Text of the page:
Health workers join efforts to ensure parents get trusted information on childhood immunization
Good interaction between health workers and caregivers can mean the difference between a child being fully immunized or not at all.
Skopje, 26 April 2022: UNICEF and the Ministry of Health in partnership with the Macedonian Medical Association and the Macedonian Association of Nurses and Midwifes are supporting a series of training workshops to build the knowledge, skills and attitudes of frontline healthcare workers to communicate effectively with parents and caregivers on childhood immunization.
Global research shows that the quality of the interaction between health workers and caregivers is a key factor in ensuring completion of the vaccination schedule, particularly with hesitant parents. Frontline health workers are among the most influential sources of information in vaccine behavior and are a crucial bridge between the communities they serve and the health services they provide and support. With this role and position, practicing good interpersonal communication is a key to ensuring parents have trusted information which is a key driver to improving immunization coverage.
Recent UNICEF research of self-efficacy, attitudes and perceptions of healthcare workers on routine immunization of children in North Macedonia shows that in the last 24 months vaccination teams have experienced hesitation of parents for vaccination of their children (31%). The research also indicates that interpersonal communication on immunization has become more challenging. Yet, at the same time, the vast majority of caregivers of young children cite health workers as their primary source of information about immunization. The training is designed to close the gap so that health workers not only provide accurate information about vaccines but also communicate to build trust, show empathy and understanding of parents’ concerns.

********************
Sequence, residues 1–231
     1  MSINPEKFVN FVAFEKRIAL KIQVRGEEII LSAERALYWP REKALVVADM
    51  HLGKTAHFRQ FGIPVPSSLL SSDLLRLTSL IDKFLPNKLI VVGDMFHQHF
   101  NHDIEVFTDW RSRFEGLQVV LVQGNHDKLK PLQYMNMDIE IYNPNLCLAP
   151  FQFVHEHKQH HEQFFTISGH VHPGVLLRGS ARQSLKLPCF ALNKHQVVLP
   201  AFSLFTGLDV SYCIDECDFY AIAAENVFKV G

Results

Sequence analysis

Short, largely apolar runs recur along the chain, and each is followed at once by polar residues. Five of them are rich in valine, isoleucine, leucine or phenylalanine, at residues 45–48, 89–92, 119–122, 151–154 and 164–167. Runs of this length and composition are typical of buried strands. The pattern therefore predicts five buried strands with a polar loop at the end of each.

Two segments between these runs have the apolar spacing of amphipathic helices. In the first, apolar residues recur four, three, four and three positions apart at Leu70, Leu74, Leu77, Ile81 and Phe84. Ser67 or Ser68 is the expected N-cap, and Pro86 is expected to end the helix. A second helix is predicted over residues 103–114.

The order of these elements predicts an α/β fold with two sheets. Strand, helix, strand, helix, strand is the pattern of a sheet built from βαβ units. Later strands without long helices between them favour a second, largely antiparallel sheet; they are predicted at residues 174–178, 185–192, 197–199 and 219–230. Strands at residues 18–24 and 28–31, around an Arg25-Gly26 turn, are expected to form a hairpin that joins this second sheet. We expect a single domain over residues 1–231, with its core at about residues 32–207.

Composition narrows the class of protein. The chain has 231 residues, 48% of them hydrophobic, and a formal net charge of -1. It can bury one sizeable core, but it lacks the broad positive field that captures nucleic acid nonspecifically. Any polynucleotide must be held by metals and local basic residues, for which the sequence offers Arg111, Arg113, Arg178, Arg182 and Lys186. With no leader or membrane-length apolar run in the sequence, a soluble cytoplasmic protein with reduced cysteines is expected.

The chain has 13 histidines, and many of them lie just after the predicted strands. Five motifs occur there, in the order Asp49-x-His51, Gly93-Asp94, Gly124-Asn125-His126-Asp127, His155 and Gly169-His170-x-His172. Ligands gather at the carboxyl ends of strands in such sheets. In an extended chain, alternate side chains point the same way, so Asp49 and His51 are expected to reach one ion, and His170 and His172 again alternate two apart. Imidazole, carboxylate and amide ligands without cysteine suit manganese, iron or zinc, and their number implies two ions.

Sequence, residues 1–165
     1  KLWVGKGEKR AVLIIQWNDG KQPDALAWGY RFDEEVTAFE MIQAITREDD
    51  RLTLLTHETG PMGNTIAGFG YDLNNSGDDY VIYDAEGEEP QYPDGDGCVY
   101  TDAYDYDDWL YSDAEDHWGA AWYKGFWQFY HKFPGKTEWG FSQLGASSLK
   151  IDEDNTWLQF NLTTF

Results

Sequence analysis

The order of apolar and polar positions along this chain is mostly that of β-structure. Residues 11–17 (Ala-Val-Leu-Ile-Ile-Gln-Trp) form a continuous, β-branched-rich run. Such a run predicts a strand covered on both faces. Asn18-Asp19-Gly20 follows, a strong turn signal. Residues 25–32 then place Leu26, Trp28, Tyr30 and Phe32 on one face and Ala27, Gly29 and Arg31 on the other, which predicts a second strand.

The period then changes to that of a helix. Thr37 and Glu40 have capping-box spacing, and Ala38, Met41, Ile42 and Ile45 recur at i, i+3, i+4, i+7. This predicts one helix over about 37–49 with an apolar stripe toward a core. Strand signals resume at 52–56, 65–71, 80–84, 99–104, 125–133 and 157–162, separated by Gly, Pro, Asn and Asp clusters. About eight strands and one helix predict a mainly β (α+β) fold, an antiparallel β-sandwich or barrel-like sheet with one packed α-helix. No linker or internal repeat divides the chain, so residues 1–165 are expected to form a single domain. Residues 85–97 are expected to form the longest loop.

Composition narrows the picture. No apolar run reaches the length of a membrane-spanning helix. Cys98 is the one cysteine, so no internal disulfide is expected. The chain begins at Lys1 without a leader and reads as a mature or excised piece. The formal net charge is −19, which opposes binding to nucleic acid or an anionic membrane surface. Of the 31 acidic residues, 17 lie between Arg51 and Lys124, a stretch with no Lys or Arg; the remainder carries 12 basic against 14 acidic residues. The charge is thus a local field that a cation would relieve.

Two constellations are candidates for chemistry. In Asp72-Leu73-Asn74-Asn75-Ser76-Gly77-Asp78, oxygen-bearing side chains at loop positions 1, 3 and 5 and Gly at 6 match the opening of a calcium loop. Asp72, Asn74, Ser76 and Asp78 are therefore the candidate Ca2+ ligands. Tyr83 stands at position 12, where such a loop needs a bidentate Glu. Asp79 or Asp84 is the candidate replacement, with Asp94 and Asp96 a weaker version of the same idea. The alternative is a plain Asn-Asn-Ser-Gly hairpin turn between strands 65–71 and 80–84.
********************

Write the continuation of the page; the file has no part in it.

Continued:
In addition to supporting health workers to recognise different types of vaccine hesitancy and provide them with tips on how to give personalised advice to parents so that they can make informed decisions to keep their child protected, the training is designed in a way that addresses knowledge gaps amongst health workers. It focuses on four main areas:
- define and apply key principles of interpersonal communication to communicate about immunization with caregivers of children under 5;
- learn and practice skills to listen and engage in conversations aimed at increasing uptake of vaccines;
- improve health workers’ confidence and ability to effectively respond to caregiver needs and concerns regarding vaccine safety and effectiveness, based on evidence, and
- use dialogue-based communication to increase immunization rates reach.
UNICEF has so far supported 10 workshops reaching out 244 frontline health workers. By the end of the year, it is expected that a cohort of 1,000 health professionals will be equipped with knowledge and skills to practice good interpersonal communication on routine immunization.
The Interpersonal Communication for Immunization Participant training modules and participants manual have been developed by Johns Hopkins Center for Communication Programs and UNICEF Europe and Central Asia Regional Office.